“I think that initially I was just so excited about being able to go and do this that it wasn’t until all of the press stuff started to happen that I realized people were really interested, and when I got to Washington, people were sending me news clips from the newspapers all across the country. And that’s when it hit me how the media makes it so public that everybody was aware of it, and it was a buzz because it was a first. And people did pay attention to it. And it was also, in the time, and this was 35 years ago, where women were making firsts. The whole opportunity for women was different. So, yes, I became more aware of it as it happened, as it unrolled, than before I did it.”
— Felda Looper, May 21, 2007
In the midst of the women’s rights movement, Felda Looper became the first female Page in the U.S. House of Representatives. Her noteworthy achievement came after a vigorous and lengthy letter-writing campaign in which she pleaded with future Speaker of the House Carl Albert for an opportunity to serve as a House Page. During her short tenure as a House employee, Looper recalled receiving a warm welcome from House Leaders, Members, and Pages. Her interview revealed many details about the Page program of the period, such as the daily assignments and typical living arrangements for Pages, as well as their access to lawmakers and the Capitol complex. Moreover, Looper’s descriptions of the politically-charged atmosphere in Washington, D.C.—fueled by the Watergate scandal and the Equal Rights Amendment (ERA)—provide a firsthand look at the behind-the-scenes role Pages played in the congressional institution. More than a symbol of the women’s rights movement, Looper successfully changed the face of the Page program by making it possible for countless young women to serve as House Pages.
Felda Looper was born on January 9, 1955, in Kansas City, Missouri, to Omer (Joe) Looper, an osteopathic physician, and Maxine Moody Looper. On a family trip to Washington, D.C., in 1966, which included a visit to the Capitol, Looper questioned her Oklahoma Representative, and the Democratic Whip Carl Albert, about the longstanding tradition of only hiring young men as congressional Pages. Not satisfied with Albert’s response to investigate the matter, Looper wrote numerous letters to his office reminding him of her interest in serving as a Page and of the inherent gender discrimination in barring young women from holding the position. Shortly before graduating from Heavener High School in Heavener, Oklahoma, in 1973, Looper’s determination paid off when she received an offer to serve as a Page from Albert, who by then had risen to serve as Speaker of the House.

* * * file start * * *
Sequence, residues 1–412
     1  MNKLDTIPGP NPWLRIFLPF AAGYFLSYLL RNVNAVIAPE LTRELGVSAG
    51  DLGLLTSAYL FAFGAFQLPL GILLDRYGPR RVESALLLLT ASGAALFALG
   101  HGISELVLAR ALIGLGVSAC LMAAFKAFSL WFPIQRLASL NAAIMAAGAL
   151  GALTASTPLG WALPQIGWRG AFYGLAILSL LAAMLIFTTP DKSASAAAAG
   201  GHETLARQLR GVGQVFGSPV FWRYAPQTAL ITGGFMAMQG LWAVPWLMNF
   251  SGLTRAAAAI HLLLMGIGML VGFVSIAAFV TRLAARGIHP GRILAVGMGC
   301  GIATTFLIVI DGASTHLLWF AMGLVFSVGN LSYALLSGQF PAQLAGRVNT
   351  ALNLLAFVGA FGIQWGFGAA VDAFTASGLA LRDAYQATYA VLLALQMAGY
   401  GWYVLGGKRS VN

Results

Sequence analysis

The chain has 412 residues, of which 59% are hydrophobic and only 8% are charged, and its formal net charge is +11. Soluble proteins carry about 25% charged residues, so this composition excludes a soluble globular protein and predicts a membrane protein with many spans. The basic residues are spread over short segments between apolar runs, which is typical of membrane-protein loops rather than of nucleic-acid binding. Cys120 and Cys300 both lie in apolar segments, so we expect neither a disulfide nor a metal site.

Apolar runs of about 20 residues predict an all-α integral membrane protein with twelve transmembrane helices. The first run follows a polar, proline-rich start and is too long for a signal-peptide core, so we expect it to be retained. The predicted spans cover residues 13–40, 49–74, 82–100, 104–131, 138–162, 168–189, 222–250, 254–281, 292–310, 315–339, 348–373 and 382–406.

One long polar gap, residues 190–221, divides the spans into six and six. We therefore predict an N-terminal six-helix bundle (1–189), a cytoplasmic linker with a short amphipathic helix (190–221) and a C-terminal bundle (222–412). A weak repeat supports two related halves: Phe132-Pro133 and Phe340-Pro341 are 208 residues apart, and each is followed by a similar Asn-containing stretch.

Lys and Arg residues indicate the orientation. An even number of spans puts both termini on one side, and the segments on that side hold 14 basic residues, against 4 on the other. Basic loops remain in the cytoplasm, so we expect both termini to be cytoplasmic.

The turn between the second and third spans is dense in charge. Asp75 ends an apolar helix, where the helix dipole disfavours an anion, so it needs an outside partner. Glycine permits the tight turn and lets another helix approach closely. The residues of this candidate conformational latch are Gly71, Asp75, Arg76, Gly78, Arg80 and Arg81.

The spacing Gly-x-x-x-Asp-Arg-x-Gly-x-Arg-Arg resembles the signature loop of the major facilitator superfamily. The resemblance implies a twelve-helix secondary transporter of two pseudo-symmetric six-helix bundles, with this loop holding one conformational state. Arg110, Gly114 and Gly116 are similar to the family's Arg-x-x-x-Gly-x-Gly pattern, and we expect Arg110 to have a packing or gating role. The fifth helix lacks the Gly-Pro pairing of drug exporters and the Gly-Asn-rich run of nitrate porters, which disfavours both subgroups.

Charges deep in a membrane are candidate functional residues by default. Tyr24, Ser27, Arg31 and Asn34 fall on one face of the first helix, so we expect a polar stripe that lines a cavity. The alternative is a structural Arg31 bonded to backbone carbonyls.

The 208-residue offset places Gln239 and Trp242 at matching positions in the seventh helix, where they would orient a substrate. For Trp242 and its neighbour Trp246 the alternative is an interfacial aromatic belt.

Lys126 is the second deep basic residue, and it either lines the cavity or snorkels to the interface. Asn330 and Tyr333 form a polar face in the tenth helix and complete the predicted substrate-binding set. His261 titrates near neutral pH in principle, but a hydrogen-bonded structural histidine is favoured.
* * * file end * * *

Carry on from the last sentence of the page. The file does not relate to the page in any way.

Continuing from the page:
Appointed on May 14, 1973, Looper began her Page tenure a week later on May 21, 1973. Her historic appointment received widespread media coverage. During Looper’s first day on the job she answered questions from reporters, posed for pictures, met her fellow Pages, and toured the Capitol. As a Page, she performed the same tasks as her male counterparts, primarily running errands for the Members of Congress. Although employed for a brief period, Looper had the opportunity to witness historic debates, speeches, and hearings during the summer of 1973, which focused on women’s rights and the Watergate scandal.
At the conclusion of her Page service, Looper attended the University of Oklahoma. She graduated in 1977 with a degree in political science. Two years later, she earned an M.A. in Special Studies (Industrial Psychology-Motivation and Achievement) from George Washington University. She later lived in Paris, France, where she worked for the International Counseling Service. Looper went on to open her own retail business in Washington, D.C., before working as a Web site developer, marketing director, and consultant. Currently a resident of Washington, D.C., Looper is employed as an independent consultant.
Access to the Capitol during the 1970s
The open environment in the Capitol Building in the 1970s.
Campaign to Become First Female Page
Felda Looper reflects on her first meeting with then Majority Whip Carl Albert of Oklahoma.
Memories of Fellow Pages and the Democratic Cloakroom
Descriptions of Felda Looper's fellow Pages and the Page school environment.
Cognizant of Making History
Reflections on the historical significance of being the first female House Page.
First Day as Page
Recollections of media attention and memories of Speaker of the House Carl Albert of Oklahoma.